Georgia Payroll Services
All Fields Required
Georgia Payroll Tax and State Taxes
Get your Georgia State Tax ID Number
Click here to obtain State Tax ID
Click here to obtain State Unemployment Tax ID
Georgia Wage and Hour Laws
Georgia’s minimum wage law follows the federal minimum wage which is currently $7.25 per hour.
There is no state-mandated overtime law in Georgia for private employers. Covered employers in Georgia should follow the federal overtime laws as prescribed in the Fair Labor Standards Act (FLSA).
Georgia requires employers—except those in the farming, sawmill, and turpentine industries—to pay all employees all wages due on paydays selected by the employer. Paydays must be divided between at least two (2) equal pay periods per month.
This rule does not apply to company officials, superintendents, or other heads or subheads of departments who are paid a stipulated salary. They may be paid monthly or annually.
Taxable Wage Base ($000s): 9,500
New Employer Rate (% Taxable Wages) 2.7**
Georgia Income Tax Withholding
Georgia requires employers to withhold state income tax from employees' wages and remit the amounts withheld to the Department of Revenue.
Georgia residents working outside the state are exempt from Georgia income tax withholding if their compensation is subject to withholding in that state.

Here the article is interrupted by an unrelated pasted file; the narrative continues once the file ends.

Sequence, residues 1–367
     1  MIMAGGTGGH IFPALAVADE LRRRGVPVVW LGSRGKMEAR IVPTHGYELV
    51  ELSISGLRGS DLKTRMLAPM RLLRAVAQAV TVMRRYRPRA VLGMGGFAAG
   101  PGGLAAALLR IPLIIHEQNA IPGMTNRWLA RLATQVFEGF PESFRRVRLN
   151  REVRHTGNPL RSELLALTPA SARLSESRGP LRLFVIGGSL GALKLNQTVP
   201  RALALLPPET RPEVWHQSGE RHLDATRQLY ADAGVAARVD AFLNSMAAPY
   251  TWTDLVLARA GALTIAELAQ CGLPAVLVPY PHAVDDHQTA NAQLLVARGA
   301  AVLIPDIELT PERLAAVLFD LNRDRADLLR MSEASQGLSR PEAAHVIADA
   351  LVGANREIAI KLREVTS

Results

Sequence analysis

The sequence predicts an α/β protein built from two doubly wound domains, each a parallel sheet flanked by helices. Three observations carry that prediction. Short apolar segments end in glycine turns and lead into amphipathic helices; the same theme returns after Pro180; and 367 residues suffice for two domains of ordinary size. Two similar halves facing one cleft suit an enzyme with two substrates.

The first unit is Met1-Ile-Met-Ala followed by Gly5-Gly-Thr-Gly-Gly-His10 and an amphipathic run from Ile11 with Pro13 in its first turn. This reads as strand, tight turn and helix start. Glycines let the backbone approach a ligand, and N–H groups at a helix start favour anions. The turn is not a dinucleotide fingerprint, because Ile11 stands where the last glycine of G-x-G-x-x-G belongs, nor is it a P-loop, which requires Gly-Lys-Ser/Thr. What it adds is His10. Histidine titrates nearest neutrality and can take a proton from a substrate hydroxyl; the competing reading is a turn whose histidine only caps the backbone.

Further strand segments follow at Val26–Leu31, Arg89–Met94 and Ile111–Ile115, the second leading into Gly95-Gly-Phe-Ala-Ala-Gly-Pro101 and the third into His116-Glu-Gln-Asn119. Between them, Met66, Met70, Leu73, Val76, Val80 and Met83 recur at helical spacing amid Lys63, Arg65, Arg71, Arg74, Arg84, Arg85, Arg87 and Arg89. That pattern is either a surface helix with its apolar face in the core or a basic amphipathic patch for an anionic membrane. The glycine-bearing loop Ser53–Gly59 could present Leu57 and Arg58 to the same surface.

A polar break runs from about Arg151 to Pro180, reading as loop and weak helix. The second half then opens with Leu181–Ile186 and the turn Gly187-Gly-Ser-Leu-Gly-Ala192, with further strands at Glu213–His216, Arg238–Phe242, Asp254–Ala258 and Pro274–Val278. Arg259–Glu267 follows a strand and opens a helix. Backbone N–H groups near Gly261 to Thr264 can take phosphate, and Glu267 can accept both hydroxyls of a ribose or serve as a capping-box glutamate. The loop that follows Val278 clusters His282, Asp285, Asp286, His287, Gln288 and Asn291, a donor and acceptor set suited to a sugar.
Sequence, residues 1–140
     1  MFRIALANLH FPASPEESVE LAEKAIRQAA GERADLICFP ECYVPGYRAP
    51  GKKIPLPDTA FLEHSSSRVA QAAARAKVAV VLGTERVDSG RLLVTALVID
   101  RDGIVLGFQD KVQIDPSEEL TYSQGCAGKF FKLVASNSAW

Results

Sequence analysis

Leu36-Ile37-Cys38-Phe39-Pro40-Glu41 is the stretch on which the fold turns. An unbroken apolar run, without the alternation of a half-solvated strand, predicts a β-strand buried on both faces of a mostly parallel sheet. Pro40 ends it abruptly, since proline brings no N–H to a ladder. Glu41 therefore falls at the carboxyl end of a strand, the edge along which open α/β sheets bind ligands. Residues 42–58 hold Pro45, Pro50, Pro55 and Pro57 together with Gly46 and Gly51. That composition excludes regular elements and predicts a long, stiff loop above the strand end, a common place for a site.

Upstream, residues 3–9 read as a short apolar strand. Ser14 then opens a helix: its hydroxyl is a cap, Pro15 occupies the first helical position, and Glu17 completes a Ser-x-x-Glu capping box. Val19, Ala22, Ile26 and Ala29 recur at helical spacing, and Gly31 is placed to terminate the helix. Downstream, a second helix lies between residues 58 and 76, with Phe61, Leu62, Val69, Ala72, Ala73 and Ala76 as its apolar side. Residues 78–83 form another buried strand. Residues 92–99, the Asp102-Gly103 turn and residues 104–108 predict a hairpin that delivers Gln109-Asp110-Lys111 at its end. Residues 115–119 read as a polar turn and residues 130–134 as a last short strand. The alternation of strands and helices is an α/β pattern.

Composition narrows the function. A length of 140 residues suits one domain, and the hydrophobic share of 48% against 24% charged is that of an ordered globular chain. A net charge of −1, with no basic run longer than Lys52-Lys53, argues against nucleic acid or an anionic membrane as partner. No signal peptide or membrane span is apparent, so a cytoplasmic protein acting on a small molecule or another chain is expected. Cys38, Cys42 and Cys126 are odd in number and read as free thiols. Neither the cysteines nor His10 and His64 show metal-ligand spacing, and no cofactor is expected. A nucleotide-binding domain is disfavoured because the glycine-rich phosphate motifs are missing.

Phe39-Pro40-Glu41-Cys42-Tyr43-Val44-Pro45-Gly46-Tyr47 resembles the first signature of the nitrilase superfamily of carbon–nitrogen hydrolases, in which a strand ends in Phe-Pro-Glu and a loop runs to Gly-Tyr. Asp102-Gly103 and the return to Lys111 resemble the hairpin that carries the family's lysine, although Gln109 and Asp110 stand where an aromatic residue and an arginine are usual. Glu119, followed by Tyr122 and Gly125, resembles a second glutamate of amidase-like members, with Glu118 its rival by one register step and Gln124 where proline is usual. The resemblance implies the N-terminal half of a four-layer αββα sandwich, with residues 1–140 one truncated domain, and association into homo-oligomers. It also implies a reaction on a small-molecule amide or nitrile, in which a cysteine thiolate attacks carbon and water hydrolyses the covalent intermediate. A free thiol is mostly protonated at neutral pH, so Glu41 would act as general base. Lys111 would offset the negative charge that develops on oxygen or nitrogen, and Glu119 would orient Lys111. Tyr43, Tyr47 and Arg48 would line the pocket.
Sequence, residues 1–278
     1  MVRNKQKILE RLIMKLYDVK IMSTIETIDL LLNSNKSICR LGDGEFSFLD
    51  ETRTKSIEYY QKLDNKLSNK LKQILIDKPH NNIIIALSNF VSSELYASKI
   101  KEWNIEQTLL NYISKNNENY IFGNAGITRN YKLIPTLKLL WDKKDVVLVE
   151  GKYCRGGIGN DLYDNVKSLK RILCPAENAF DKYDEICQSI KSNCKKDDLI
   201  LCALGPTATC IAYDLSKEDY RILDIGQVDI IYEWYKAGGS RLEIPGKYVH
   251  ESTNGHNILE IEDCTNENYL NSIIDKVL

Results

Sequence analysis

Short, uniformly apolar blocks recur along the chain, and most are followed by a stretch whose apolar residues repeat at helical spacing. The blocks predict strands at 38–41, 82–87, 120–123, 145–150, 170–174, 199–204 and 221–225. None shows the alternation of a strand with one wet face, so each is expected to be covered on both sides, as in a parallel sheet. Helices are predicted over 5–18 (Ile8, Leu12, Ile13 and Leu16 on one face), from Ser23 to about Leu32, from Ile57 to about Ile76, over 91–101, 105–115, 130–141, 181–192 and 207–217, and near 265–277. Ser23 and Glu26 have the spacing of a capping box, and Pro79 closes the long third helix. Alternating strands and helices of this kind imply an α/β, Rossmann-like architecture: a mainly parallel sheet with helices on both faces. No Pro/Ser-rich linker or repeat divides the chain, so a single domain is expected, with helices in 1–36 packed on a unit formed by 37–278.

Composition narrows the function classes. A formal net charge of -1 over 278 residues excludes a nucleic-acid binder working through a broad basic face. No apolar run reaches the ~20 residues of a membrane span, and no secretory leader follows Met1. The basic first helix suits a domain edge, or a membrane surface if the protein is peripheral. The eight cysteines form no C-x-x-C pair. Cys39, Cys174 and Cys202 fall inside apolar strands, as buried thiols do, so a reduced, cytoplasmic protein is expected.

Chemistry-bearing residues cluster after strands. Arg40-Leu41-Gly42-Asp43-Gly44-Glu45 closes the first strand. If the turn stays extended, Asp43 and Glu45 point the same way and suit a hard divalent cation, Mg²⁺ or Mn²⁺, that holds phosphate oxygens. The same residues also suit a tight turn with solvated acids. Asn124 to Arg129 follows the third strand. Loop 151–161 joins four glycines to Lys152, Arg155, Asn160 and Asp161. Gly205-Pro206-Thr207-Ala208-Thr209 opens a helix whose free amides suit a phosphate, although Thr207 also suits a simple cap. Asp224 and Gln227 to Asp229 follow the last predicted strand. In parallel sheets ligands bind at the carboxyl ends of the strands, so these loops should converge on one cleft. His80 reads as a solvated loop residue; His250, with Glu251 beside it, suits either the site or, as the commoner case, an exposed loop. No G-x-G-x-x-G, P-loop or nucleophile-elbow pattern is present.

Georgia State Resources
SurePayroll, Inc. and its subsidiaries assume no liability and make no warranties on or for the information contained on these state payroll pages. The information presented is intended for reference only and is neither tax nor legal advice. Consult a professional tax, legal or other advisor to verify this information and determine if and/or how it may apply to your particular situation.
This website contains articles posted for informational and educational value. SurePayroll is not responsible for information contained within any of these materials. Any opinions expressed within materials are not necessarily the opinion of, or supported by, SurePayroll. The information in these materials should not be considered legal or accounting advice, and it should not substitute for legal, accounting, and other professional advice where the facts and circumstances warrant. If you require legal or accounting advice or need other professional assistance, you should always consult your licensed attorney, accountant or other tax professional to discuss your particular facts, circumstances and business needs.